Avoiding Rookie Mistakes when using AWS Glue

Why AWS Glue?

AWS Glue, a managed extract, transform, and load (ETL) solution based on Apache Spark, has quickly gained popularity due to the wide breadth of functionality contained in the service. AWS Glue makes it easy to discover, prepare, and combine data for analytics, machine learning, and application development. 

AWS Glue contains features such as the AWS Glue Data Catalog that allows you to catalog data assets, making them available across all the AWS analytics services; the AWS Glue Crawler, which performs data discovery on data sources; and AWS Glue jobs that execute the ETL in your pipeline in either Scala or PySpark. Additionally, a large amount of focus has been dedicated to enabling users with various backgrounds to interact with AWS Glue via a GUI interface using services, such as AWS Glue DataBrew and AWS Glue Studio. The variety of features and functionality result in a drastic reduction in the time spent in development of an ETL solution: from months down to minutes!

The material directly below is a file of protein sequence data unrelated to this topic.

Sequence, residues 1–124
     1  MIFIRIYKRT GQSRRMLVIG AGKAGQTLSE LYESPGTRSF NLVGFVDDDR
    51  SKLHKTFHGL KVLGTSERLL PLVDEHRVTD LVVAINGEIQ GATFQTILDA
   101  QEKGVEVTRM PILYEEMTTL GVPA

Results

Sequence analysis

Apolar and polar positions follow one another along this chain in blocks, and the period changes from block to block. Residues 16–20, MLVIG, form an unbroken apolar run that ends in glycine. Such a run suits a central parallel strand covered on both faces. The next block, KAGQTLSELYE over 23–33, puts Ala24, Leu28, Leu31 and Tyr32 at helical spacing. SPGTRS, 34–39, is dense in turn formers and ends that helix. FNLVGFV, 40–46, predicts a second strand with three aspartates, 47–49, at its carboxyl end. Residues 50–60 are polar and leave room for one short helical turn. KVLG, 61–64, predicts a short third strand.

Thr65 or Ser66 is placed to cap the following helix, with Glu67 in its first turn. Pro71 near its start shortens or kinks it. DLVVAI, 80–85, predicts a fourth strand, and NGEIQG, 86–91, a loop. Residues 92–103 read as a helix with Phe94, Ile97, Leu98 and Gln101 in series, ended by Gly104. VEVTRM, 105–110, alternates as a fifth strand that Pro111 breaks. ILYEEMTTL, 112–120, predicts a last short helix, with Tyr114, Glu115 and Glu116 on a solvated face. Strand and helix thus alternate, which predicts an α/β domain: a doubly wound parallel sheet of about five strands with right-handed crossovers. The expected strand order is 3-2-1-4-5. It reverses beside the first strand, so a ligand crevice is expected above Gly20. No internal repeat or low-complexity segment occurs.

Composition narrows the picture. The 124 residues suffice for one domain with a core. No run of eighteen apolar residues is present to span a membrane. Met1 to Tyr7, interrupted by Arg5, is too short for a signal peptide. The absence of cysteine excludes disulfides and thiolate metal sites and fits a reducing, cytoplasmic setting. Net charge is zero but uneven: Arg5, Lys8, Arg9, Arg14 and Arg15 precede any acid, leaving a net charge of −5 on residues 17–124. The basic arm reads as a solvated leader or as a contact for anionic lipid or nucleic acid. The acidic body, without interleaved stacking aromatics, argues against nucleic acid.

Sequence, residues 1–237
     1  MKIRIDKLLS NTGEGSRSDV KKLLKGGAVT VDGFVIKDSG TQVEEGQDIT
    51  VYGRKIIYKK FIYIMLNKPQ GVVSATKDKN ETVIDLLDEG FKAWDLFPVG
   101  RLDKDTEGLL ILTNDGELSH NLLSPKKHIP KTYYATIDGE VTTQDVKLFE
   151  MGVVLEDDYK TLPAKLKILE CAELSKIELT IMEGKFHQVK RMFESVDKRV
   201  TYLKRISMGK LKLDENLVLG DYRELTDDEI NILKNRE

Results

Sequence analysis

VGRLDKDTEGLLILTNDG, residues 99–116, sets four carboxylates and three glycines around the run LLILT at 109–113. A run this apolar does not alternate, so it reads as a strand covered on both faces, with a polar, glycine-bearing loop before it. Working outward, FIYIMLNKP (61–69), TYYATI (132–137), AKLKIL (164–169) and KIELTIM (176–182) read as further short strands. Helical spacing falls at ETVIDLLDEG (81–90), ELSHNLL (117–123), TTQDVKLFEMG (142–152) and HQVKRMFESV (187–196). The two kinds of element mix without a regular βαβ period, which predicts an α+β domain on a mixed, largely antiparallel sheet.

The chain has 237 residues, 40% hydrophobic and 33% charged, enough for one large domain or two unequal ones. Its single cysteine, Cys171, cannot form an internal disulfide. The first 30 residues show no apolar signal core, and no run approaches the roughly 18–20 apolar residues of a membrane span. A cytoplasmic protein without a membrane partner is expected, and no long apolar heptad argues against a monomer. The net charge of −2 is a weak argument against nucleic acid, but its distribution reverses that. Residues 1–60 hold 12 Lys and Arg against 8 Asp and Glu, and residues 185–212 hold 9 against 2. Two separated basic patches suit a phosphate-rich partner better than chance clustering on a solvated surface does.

While working with AWS Glue can result in a greatly accelerated time frame for an operational ETL pipeline, there are some common mistakes that new AWS Glue users often make. Even those experienced in ETL, and even Spark, can make these rookie mistakes if they are unaware of certain caveats specific to the AWS Glue service.  This article will discuss rookie mistakes made by AWS Glue users in the areas of source data, AWS Glue crawlers, and ETL jobs.

Source Data